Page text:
Friday, January 16, 2009
This is what real heros look like: Flight 1549
Like so many others, I watched the TV closely yesterday to see the fate of those on flight 1549. It was only later, sitting with my partner and discussing the crash, (1) that I realized what a lovely bit of poetic justice had just occurred; a story about a real hero (and an honest to gods pilot) had pushed the fake one off our collective stage. It seemed fitting that no one was paying much attention to President's Bush's last pathetic attempt to rewrite history; we had better things to think about.
My thoughts go out to the family and friends of those who survived that day and to all those who rushed in to help.
As the daughter of an engineer who helped design many of the safety systems on today's modern airplanes, including I might add, the inflatable evacuation slide you see in this picture, I would also like to tip my hat to the engineers and technicians involved; the men and women who design these planes to withstand just such incidents and who keep them running well so that you and I can come safely back to the arms of our loved ones. Kudos, as well, to the boat captains who responded so quickly, the coast guard divers who plunged into icy waters to help others, and to the plane's personnel and passengers who kept their heads and handled this terrifying emergency so well.
May courage like this come to you when you need it most.
There is another bit of poetic justice I would like to share. Almost 50 years ago to the day, my father, then a newly minted aerospace engineer, stood at the bank of the East River at night, in the bitter cold of winter, and watched crash experts carefully pull the bodies of fathers, mothers and young children out of the water after a passenger plane crash-landed in the water. Few survived that crash and even though reasons for the crash had nothing to do with him, I know that the sight of those families haunted my father in a ways that his experiences in WWII never did. (2) On that day he said to himself what hero's say in such cases, "This will not happen again, not on my watch". These are words we can take to heart as we move forward as a nation to fix what has been broken by those who betrayed our trust.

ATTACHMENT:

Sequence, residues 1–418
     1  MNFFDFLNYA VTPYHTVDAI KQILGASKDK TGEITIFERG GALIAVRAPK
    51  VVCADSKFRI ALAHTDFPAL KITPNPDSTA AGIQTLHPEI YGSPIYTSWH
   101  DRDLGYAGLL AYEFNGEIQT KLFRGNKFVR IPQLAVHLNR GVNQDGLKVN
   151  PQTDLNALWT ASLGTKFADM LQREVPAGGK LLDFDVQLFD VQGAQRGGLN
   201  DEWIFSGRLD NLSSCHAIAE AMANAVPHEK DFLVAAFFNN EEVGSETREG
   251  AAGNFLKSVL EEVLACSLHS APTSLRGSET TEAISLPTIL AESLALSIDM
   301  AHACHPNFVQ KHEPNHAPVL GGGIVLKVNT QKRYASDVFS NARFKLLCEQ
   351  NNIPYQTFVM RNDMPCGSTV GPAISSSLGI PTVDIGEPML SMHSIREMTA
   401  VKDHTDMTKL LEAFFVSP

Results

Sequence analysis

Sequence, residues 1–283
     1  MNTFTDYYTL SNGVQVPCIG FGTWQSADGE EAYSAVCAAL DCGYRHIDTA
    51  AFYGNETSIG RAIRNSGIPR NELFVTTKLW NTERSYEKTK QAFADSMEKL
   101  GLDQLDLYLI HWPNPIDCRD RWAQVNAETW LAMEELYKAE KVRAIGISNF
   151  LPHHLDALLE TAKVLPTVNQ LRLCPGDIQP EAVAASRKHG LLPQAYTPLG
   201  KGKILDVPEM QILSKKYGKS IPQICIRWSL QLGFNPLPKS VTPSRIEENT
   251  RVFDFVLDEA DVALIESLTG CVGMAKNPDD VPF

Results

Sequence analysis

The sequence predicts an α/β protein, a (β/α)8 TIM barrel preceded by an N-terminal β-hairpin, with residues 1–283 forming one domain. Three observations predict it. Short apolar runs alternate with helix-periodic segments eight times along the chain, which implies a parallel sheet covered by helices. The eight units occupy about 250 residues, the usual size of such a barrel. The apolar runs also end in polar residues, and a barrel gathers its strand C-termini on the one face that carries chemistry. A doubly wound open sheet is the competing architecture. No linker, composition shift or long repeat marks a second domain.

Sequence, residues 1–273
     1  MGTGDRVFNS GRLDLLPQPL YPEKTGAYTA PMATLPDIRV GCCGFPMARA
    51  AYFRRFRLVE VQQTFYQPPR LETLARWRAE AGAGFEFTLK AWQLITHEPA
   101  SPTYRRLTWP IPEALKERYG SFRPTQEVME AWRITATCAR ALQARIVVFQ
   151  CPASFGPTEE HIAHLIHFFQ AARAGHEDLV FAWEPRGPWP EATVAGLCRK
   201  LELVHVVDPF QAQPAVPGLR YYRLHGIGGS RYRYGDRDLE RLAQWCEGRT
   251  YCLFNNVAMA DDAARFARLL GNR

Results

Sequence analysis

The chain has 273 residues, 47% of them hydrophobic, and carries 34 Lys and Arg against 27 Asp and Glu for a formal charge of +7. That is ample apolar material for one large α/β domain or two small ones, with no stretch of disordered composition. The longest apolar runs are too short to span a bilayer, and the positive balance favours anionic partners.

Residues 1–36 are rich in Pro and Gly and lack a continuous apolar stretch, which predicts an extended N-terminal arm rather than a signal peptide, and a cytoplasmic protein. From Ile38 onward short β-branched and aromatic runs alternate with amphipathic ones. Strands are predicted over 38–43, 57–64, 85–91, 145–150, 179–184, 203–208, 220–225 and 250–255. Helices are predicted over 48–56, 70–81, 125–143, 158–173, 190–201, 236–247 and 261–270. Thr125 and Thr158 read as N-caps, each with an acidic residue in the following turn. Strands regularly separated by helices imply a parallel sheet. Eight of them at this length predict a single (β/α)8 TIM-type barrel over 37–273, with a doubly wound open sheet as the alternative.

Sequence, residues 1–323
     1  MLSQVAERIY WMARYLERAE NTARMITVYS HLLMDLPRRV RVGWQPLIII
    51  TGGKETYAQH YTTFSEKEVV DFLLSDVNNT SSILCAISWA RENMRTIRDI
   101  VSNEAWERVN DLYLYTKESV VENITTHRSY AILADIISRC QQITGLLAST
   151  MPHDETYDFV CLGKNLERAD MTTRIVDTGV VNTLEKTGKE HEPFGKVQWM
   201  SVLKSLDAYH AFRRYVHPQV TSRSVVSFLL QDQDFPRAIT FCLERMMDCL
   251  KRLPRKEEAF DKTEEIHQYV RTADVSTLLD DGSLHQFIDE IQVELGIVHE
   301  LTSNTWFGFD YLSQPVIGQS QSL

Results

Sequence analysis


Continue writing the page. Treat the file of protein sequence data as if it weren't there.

Go well, stay well,
Photo: from the BBC, taken by a passenger on one of the boats who then helped several people to safety.
(1) As the daughter and wife of engineers in a family with a long history of producing all types of same (including aerospace, mining, electrical, mechanical and software engineers) on both sides, we take such stories pretty personally around here. Woe unto you if you produce a movie or a book and you get the science wrong.
(2) The crash was due to a small, technical design flaw which came to light that day on a plane that had been flying safely for years before my father even started his career. This is the sort of thing that keeps these men and women awake at night.